Benefits of Qnet

The Qnet protocol extends interprocess communication (IPC) transparently over a network of microkernels.

This is done by taking advantage of the QNX Neutrino's message-passing paradigm. Message passing is the central theme of the QNX Neutrino RTOS that manages a group of cooperating processes by routing messages. This enhances the efficiency of all transactions among all processes throughout the system.

What works best

The Qnet protocol is deployed as a network of trusted machines. It lets these machines share all their resources efficiently with minimum overhead. This is accomplished by allowing a client process to send a message to a remote manager in the same way that it sends a message to a local one.

See the How does it work? section of this chapter. For example, using Qnet, you can use the QNX Neutrino utilities (cp, mv and so on) to manipulate files anywhere on the Qnet Network as if they were on your machine—by communicating with the filesystem manager on the remote nodes. In addition, the Qnet protocol doesn't do any authentication of remote requests. Files are protected by the normal permissions that apply to users and groups (see File ownership and permissions in Working with Files in the User's Guide).

Qnet, through its distributed processing platform, lets you do the following tasks efficiently:

Since Qnet extends QNX Neutrino message passing over the network, anything built on top of message passing also works over the network.

What type of application is well-suited for Qnet?

Any application that inherently needs more than one computer, due to its processing or physical layout requirements, could likely benefit from Qnet.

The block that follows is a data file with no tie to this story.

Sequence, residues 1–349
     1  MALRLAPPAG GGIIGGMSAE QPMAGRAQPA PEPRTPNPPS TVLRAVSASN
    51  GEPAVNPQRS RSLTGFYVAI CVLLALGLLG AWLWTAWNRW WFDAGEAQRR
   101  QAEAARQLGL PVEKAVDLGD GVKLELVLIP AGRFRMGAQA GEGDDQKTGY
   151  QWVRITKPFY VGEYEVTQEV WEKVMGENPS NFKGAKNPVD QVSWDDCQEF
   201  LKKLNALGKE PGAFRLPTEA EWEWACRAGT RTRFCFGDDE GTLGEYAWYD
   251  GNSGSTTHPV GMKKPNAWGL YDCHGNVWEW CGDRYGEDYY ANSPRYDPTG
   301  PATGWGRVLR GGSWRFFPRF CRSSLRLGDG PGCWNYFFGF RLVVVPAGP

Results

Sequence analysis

For example, you can apply Qnet networking successfully in many industrial-automation applications (e.g., a fabrication plant, with computers scattered around). From an application standpoint, Qnet provides an efficient form of distributed computing where all computers look like one big computer because Qnet extends the fundamental QNX Neutrino message passing across all the computers.

Another useful application is in the telecom space, where you need to implement large routers that have several processors. From an architectural standpoint, these routers generally have some interface cards and a central processor that runs a set of server processes. Each interface card, in turn, has a processor that runs another set of interface (e.g., client) processes. These client processes communicate via Qnet using QNX Neutrino message passing with the server processes on the central processor, as if they were all running on the same processor. The scalability of Qnet allows more and more interface cards to be plugged into the router, without any code changes required to the application.